Annamie Paul MPA ’01

Mar 18 2021
By B. Rose Huber
Source Princeton School of Public and International Affairs

Annamie Paul is the leader of the Green Party of Canada. She is the first Black Canadian and first Jewish woman to be elected leader of a major federal party in the country.

AP ​Paul is the daughter of immigrants who arrived in Canada from the Caribbean in the 1960s. She engaged with public policy from an early age. At 12, she was a page for the Ontario Legislature and later served as a page for the Canadian Senate.  

She was the founder and executive director of the Canadian Centre for Political Leadership from 2001 to 2005 and has worked in civic engagement and international affairs positions, including in political affairs in Canada's Mission to the European Union and in the Office of the Prosecutor at the International Criminal Court. She also is co-founder of the Barcelona International Public Policy Hub. 

She has a bachelor of laws from the University of Ottawa and received her MPA in 2001 from Princeton University’s School of Public and International Affairs (SPIA).

In this Q&A and bonus podcast, Paul lays out her policy priorities for Canada and reflects on how SPIA influenced her varied career. Paul is a strong believer in living life fearlessly, a quality she honed as a master’s student. She says if you live life on your own terms, it’s not so hard to be bold. 

Q.: As leader of the Green Party of Canada, you’ve promised to advance policies other parties haven’t delivered on. Which of those are you most passionate about?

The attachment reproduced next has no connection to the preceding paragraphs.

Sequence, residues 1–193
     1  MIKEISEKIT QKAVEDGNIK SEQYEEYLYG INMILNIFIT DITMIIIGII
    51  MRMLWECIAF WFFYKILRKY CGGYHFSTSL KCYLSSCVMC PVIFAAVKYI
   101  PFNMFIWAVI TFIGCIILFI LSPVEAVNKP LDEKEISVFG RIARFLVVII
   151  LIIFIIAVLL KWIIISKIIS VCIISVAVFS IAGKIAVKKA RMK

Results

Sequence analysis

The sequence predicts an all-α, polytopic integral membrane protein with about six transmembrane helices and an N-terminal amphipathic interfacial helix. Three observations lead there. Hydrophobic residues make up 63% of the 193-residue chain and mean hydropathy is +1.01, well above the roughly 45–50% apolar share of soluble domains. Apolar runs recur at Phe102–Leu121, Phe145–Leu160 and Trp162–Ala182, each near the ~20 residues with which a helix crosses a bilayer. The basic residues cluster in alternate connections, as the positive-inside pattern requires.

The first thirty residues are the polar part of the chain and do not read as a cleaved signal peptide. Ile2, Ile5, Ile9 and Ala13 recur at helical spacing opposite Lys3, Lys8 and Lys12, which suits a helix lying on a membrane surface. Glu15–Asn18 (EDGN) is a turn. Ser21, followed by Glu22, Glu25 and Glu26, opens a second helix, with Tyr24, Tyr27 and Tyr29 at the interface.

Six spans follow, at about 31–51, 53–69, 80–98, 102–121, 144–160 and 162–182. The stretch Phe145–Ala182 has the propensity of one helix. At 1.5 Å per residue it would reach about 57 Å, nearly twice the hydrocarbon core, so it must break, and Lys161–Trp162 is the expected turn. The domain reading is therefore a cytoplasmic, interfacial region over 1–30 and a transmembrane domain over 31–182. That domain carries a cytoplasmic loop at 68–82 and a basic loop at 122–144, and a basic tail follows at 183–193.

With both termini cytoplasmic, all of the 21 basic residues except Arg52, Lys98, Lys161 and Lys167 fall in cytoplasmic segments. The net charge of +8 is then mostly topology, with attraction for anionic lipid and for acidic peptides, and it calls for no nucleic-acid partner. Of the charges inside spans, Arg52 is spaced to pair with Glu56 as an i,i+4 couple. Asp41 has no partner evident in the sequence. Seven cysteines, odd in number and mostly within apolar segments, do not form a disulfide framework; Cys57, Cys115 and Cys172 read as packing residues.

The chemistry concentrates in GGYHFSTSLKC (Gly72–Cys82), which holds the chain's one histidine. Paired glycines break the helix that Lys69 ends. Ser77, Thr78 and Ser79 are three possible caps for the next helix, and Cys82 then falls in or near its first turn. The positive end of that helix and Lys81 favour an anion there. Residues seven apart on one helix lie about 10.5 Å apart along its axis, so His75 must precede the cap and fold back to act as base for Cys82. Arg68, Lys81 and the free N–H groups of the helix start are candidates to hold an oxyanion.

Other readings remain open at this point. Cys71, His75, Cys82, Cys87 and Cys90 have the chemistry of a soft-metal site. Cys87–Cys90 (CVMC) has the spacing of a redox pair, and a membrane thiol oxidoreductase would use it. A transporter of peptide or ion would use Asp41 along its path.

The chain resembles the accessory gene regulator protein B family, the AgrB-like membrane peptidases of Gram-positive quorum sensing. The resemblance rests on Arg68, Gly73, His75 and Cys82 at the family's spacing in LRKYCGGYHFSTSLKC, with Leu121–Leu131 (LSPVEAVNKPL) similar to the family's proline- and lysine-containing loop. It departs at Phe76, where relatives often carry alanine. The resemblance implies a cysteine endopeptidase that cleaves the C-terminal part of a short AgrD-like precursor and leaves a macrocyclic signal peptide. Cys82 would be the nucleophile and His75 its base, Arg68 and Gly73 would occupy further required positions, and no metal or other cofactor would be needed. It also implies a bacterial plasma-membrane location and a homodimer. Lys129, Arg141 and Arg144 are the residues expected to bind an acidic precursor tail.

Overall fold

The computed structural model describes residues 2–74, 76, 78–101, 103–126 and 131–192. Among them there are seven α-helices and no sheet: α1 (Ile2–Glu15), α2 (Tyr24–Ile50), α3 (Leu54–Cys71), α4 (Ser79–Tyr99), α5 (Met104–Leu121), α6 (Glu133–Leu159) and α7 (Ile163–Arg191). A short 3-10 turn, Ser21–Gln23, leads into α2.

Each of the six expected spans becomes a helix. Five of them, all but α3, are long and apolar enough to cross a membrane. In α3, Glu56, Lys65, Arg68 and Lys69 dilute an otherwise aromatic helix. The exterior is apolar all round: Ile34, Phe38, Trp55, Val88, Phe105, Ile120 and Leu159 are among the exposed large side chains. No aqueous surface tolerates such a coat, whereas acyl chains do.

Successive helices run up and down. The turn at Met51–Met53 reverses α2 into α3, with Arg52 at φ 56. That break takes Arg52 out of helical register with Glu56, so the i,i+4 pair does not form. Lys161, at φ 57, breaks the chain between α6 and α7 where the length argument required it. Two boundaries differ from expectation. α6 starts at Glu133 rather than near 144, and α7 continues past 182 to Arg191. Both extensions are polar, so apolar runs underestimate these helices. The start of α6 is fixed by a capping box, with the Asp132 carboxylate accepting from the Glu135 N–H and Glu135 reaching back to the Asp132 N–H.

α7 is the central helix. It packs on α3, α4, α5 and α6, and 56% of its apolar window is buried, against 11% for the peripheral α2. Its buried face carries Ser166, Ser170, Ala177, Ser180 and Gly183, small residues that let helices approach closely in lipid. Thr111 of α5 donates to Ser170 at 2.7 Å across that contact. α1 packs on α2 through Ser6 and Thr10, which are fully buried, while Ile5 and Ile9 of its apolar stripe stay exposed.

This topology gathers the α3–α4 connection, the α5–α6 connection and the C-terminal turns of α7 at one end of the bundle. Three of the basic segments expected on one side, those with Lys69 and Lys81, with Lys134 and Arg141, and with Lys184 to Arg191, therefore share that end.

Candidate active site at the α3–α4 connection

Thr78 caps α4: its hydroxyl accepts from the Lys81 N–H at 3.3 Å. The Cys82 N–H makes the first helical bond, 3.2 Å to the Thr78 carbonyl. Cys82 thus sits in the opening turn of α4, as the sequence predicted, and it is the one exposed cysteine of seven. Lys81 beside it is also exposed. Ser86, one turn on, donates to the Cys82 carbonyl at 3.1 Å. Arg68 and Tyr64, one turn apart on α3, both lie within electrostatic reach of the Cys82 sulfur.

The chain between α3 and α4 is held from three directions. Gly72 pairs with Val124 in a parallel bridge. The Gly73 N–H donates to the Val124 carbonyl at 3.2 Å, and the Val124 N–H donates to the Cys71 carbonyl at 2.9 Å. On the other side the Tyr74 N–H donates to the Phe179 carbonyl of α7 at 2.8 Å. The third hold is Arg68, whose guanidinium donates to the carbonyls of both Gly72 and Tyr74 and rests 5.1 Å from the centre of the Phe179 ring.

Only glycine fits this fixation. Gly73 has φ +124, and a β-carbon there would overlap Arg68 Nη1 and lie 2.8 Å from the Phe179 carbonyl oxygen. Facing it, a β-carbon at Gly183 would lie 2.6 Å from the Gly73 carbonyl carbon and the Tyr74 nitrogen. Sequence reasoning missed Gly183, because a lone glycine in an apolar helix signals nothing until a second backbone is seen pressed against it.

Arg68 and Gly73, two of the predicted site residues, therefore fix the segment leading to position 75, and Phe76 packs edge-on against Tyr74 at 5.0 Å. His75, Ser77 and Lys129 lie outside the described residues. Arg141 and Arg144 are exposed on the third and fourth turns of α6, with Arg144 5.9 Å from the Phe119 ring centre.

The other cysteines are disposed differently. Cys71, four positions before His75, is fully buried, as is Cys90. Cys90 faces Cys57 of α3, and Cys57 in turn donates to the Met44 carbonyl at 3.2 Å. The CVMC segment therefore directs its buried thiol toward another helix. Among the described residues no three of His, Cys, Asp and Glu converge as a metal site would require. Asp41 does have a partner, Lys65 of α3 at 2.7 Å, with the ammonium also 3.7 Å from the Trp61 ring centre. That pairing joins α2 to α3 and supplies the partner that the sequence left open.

Paul: While the pandemic’s changed everything, I would say my core values and priorities haven't changed. I wanted to lead the Green Party because I believe that the most significant positive change that has ever happened in human history has happened collectively.

I thought my mix of experience, including from SPIA and that great set of skills, would equip me to handle whatever challenges came my way, whatever the policy themes were of the day. I've been able to pivot quickly to the pandemic and the issues that it raised because I had that great toolbox of skills. This felt like the right moment to get involved politically and try to contribute something to politics in Canada.

Green Parties have core values that we all share. Amongst them are a respect for diversity, nonviolence, and a respect for the natural world. Those things are, you know, participatory democracy. The Green Party in Canada is well known for its environmental policies, and its policies around the climate emergency. But we're also known more and more for our social policies, as well. We're focused on social justice and a complete social safety net. At the moment we're discussing how we complete our social safety net after the pandemic so that everyone can live in dignity from the first day to the last day. We’re also talking about how we launch a post-pandemic ‘green recovery’, and how we ensure that we are continuously working toward a truly just society.

Q. In what ways did the Princeton School of Public and International Affairs prepare you for your career? What are the qualities that make for a great leader?